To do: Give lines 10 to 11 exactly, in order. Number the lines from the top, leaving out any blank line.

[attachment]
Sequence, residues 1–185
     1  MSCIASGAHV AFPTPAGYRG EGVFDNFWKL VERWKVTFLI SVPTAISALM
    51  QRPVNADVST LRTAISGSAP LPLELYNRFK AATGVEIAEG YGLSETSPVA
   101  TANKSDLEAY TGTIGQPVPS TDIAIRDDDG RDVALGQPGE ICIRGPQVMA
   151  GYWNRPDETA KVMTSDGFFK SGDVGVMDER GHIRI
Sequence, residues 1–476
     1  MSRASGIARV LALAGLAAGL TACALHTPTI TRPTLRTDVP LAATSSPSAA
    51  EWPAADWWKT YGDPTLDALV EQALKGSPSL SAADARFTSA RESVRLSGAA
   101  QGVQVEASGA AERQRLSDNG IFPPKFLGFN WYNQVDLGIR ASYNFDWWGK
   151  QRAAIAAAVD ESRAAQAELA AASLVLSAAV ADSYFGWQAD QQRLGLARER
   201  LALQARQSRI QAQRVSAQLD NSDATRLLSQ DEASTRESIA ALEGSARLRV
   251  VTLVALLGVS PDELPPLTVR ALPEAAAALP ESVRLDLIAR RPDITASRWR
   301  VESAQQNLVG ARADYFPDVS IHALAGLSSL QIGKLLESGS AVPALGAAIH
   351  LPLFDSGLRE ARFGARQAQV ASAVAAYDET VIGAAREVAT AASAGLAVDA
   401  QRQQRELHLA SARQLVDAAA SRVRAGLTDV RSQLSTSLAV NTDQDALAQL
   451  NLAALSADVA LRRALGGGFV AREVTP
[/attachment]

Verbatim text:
   151  QRAAIAAAVD ESRAAQAELA AASLVLSAAV ADSYFGWQAD QQRLGLARER
   201  LALQARQSRI QAQRVSAQLD NSDATRLLSQ DEASTRESIA ALEGSARLRV